MORE than €1bn was wiped off Tullow Oil's market value at one point yesterday as the Dublin-based explorer shocked investors with news of more production delays in Ghana and no concrete news on the sale of fields in Uganda.
Shares in Tullow Oil sank as much as 8.4pc during trading in London but eventually closed down just 4.2pc at £13.94 (€16.74), making the company yesterday's worst performer in the FTSE 100. The plunge was the biggest drop in Tullow's share price since August 2010.
The shares tumbled as the company downgraded daily production targets for this year to between 78,000 and 86,000 barrels of oil or equivalents.
Production in Ghana was well below target because oil pipes are continually becoming clogged with clay. Analysts had expected output of 91,000 while Citigroup had forecast 96,000. Production last year also came in below target.
Tullow and partners Anadarko and Kosmos will need to invest about $400m (€312m) to fix mechanical issues related to well designs at the company's Jubilee oil field off the coast of Ghana, Tullow added. The partners have already invested $3.4bn to develop the field.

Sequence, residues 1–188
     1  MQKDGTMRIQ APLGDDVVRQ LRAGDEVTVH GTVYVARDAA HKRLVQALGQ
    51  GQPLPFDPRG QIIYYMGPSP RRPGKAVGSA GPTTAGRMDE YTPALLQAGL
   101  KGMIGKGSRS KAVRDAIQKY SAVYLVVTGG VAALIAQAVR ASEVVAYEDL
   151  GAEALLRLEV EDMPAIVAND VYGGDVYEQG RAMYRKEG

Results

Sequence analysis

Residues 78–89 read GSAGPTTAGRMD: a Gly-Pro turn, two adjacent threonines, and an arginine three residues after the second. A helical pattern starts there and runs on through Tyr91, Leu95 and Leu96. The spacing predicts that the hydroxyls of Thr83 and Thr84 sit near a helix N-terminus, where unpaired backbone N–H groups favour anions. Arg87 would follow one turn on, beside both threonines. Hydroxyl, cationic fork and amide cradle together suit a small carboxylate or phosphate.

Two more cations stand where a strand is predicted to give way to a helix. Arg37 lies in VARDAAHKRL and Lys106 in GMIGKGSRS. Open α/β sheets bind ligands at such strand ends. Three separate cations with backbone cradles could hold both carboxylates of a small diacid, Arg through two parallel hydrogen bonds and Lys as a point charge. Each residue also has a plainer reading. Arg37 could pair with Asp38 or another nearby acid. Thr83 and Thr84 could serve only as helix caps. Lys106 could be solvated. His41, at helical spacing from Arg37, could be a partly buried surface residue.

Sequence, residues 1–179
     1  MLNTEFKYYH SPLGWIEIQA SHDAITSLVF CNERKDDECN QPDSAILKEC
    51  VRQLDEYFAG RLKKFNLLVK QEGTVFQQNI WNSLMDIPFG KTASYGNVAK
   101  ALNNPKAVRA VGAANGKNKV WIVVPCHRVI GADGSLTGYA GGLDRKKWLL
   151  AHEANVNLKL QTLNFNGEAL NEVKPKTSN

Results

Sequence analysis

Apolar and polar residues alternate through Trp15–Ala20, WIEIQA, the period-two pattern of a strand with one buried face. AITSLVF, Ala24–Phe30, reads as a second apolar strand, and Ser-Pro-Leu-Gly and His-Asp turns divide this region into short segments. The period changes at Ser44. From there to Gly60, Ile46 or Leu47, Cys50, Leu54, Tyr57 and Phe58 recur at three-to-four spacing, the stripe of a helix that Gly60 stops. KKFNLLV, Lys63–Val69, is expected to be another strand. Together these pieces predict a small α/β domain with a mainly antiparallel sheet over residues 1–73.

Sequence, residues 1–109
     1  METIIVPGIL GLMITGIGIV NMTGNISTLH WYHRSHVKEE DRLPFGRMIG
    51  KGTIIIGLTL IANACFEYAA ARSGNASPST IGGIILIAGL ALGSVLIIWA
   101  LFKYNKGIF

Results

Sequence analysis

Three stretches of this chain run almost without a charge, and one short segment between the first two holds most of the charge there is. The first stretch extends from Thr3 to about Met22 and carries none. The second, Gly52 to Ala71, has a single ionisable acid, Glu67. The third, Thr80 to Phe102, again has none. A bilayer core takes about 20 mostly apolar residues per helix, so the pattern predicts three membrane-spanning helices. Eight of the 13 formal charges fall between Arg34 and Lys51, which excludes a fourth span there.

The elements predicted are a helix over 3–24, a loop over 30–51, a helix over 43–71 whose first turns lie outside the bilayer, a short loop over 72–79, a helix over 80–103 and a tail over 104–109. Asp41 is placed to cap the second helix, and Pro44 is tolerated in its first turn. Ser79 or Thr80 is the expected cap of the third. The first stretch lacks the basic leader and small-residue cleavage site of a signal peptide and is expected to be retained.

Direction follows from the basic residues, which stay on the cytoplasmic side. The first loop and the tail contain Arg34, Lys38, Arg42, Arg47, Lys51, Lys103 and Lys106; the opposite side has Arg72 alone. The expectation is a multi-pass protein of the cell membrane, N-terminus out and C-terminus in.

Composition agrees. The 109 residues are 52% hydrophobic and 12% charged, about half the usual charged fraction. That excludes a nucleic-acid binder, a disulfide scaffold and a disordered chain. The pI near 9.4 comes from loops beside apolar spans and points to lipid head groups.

"The key drag on production appears to be the Jubilee field, where well-decline rates have been much higher than expected due to a well-completion design issue," Numis Securities analyst Sanjeev Bahl said yesterday.
Tullow has no concrete news of a simmering dispute between the company and the government in Uganda, which has prevented it from finalising a deal to sell a one-third stake in its Ugandan oil discoveries to French oil company Total and China's Cnooc for $2.9bn.
Tullow and the Ugandan government are "all working hard to get things finalised before the end of January," chief financial officer Ian Springett told analysts. Previous dates for a proposed resolution have come and gone.
The company announced a partnership with Royal Dutch Shell to explore for oil and gas fields in the Atlantic. Tullow plans to increase investment in projects by 43pc to about $2bn this year from last year.
Analysts welcomed the tie-up, noting that Tullow has significant geological expertise while Shell has deepwater experience and capital.